A woman comes into the bookstore
late for the reading. Already the poet stands
at the podium, book open, his voice moving precipitously
over the page as if it were bruised skin and each word
printed there not a word at all, but a wound.
The late arrival takes the seat next to me,
no greeting or nod, she is already absorbing the poem,
the longing inside her stronger than anything
the poet might say. Her name may be Susan or Carol,
or even Isabelle, but she is just as likely to answer
to dirty floors, coupons, Clorox, aluminum foil.
She wears her life in the strands of hair
coming loose from the rubber band
looped around it, and in the man's shirt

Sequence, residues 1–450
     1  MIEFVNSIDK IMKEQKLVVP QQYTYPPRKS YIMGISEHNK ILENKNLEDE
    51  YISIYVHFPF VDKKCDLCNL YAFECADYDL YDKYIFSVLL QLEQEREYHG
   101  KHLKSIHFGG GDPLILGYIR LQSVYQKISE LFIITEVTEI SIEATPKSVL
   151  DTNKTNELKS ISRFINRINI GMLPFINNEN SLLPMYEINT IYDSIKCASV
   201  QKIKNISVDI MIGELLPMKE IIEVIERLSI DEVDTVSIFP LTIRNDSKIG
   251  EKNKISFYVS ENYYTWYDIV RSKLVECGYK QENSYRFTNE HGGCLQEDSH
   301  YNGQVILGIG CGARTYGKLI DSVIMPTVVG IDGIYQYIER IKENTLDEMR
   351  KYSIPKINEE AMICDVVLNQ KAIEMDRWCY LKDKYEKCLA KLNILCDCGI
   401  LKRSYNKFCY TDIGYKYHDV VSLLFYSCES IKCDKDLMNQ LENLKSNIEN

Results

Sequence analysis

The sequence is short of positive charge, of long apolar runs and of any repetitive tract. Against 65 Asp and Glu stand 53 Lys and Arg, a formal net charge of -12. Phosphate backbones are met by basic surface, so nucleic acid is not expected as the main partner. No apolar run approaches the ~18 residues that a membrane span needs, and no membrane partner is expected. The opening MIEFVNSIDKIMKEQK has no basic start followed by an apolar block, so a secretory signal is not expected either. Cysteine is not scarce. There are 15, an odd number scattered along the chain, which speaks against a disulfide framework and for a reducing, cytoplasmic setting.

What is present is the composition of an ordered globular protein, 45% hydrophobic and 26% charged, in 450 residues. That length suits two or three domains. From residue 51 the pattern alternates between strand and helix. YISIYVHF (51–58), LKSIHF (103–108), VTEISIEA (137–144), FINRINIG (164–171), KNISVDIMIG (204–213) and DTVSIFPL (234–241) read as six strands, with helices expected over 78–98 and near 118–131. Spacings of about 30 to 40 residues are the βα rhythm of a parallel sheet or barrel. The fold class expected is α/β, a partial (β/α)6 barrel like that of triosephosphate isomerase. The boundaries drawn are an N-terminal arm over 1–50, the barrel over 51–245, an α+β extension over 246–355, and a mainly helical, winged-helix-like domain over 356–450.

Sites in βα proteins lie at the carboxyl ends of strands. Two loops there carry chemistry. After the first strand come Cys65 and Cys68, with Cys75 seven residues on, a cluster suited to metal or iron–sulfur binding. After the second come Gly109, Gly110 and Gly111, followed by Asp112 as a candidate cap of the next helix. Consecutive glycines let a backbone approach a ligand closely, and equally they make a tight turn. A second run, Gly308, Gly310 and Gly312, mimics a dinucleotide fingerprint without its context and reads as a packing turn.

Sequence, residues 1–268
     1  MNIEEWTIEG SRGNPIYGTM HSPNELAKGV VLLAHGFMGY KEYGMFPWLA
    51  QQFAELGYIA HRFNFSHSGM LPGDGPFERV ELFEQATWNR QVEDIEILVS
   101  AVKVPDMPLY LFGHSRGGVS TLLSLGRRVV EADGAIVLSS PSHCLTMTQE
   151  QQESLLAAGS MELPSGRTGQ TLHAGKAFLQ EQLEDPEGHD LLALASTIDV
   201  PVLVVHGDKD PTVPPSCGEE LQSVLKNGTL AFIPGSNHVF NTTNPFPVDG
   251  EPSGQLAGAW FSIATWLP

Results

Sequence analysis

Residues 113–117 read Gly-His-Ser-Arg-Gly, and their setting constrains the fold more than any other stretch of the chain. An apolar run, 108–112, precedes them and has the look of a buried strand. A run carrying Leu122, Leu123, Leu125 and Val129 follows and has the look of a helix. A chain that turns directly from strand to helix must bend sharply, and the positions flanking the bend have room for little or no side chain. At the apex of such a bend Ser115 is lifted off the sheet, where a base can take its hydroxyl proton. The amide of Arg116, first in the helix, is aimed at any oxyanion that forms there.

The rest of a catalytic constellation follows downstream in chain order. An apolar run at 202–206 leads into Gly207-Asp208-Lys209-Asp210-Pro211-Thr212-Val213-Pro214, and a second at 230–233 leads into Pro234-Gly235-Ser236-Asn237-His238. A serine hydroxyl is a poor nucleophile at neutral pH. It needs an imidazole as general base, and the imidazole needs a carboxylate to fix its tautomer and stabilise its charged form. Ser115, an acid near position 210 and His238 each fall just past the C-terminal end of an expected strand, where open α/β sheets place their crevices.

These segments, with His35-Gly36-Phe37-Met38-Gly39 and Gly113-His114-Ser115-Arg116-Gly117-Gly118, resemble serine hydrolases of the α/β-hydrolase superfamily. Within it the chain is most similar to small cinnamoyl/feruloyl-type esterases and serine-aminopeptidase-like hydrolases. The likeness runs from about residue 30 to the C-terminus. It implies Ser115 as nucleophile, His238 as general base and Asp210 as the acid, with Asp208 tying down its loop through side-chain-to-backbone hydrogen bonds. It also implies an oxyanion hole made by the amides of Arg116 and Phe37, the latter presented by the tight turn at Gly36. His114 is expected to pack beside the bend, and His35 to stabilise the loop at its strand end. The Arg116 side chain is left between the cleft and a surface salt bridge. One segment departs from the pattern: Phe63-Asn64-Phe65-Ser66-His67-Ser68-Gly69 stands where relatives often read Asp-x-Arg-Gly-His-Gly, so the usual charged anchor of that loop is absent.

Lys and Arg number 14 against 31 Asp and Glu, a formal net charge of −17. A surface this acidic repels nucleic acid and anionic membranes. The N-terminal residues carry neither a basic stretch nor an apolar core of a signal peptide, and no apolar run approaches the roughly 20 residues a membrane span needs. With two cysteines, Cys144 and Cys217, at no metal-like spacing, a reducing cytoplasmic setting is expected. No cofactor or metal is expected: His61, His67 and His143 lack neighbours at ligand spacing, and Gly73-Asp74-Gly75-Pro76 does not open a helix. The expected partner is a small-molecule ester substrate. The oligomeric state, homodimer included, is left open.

drooping off her shoulders.
I smell her history in the cigarette smoke lifting off her coat
when she moves to hang the garment
across the chair's curved back.
Her needs show in her cheap shoes, discolored teeth,
and dark half-moons deepening her eyes.
And here I find the proof of her longing.
It is in the single red glove
clutched in her hand, and in the way she wrings it
like a cloth soaked with blood.
--This poem first appeared in the UK magazine, Mslexia
Jayne Pupek is the author of the novel, Tomato Girl and two books of poems, Forms of Intercession and The Livelihood of Crows.
Beautifully observed, Jayne.
Post a Comment